Been up to the Bees today again to add some brood boxes, boxes where they create more workers, and feed those that are expanding. You don’t need to feed them at this time of year but when you do they grow faster and the hives are stronger ready for when you want to split them and make new hives. If I wasn’t going to split them I wouldn’t bother.
So, I have five hives, three are really strong and could be split, one is OK but isn’t strong enough for splitting but the last one doesn’t seem to be doing so well. There is a queen but no sign of eggs or larvae. I’m going to keep an eye on it this week and if no sign of anything next week she will be getting deposed. In this instance that means more than just losing her job.
The time I’m spending on the hives at the moment means I’m not doing as much on the land as I’d like and I’ve worked out I’m spending about 20 minutes per hive plus prep time per week. Using this data I’ve worked out that I’m can increase my hives to about eight which works out less a days worth of work per week on the hives, during this busy period of course. Much less in the quieter times. Any more and I think I will find I don’t have time for anything else and I have a lot of work to do. Eight will provide all the honey I need, capability for resilience if anything happens and the option to grow if I decide I want to.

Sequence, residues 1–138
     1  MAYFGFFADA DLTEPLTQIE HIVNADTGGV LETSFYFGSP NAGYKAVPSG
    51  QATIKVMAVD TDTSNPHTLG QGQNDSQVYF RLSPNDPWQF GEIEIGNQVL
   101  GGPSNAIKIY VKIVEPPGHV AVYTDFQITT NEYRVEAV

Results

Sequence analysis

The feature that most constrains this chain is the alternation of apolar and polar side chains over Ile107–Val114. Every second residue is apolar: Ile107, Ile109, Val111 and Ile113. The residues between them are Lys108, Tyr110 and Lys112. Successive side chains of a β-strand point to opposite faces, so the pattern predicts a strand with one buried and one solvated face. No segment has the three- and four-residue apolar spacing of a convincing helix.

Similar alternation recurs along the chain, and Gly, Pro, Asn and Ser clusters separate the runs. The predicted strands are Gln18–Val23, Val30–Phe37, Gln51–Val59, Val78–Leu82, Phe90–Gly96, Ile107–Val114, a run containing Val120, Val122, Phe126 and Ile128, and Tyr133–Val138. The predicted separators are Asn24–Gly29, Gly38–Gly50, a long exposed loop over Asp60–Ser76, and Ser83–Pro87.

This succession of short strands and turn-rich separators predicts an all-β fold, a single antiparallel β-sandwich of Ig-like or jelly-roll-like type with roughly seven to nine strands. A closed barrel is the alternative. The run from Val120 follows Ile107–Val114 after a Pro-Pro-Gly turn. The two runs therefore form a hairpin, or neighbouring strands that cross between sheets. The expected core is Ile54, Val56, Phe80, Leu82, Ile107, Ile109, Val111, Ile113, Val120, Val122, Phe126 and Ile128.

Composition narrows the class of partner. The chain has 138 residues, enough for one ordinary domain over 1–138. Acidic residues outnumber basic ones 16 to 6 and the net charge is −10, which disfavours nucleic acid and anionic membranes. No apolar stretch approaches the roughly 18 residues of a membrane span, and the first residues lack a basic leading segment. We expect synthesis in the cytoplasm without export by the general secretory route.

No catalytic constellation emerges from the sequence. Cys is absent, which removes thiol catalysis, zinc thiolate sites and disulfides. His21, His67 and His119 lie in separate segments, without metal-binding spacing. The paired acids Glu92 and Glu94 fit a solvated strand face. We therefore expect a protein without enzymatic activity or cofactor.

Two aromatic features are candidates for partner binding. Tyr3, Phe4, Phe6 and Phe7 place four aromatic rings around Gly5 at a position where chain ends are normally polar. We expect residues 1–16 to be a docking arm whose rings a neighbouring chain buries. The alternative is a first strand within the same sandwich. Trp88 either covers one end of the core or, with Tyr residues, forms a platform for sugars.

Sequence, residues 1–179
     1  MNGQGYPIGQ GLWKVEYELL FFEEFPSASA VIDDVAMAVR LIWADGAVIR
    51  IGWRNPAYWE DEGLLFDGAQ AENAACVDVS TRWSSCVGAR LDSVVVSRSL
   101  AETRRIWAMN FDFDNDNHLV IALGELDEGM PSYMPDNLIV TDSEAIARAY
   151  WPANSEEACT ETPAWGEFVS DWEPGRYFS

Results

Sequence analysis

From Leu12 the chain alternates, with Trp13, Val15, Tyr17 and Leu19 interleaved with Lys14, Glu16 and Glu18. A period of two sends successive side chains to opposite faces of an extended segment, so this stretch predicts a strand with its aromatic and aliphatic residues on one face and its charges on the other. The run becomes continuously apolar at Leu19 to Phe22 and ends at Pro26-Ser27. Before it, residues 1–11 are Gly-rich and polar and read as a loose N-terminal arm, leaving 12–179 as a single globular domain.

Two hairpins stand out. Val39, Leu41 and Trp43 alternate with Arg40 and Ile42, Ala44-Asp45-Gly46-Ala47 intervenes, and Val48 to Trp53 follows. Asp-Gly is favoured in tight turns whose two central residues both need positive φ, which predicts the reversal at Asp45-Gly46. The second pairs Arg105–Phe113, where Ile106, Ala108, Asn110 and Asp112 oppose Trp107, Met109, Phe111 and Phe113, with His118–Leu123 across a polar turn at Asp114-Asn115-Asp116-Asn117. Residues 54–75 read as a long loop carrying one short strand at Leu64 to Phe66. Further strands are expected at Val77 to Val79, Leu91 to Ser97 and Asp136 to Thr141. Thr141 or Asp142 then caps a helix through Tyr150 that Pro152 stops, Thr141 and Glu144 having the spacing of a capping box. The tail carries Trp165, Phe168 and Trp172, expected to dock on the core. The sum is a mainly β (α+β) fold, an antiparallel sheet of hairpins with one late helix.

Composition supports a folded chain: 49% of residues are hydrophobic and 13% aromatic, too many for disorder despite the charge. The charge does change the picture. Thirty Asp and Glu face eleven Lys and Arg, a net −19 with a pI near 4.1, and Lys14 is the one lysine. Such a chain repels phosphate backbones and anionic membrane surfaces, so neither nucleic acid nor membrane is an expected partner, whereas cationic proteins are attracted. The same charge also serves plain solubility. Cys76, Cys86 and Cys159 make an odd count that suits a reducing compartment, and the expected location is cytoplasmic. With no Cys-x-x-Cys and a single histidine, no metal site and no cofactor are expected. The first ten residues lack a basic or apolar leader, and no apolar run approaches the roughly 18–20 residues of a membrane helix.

As well as being time consuming it can work out to be a lot of heavy lifting. The bees themselves may be individually light but a complete hive including its contents can weight nearly 100lb. Luckily it comes modular.
It can also work out expensive if you are not careful but once you have all the hardware it doesn’t cost much per annum. Initial outlay can easily reach £400 each hive with bees plus one off equipment at about £100. Yearly outlay can be around £25 after that for consumables. I spend a lot more on several items in the house than I do on the bees once the initial investment is over.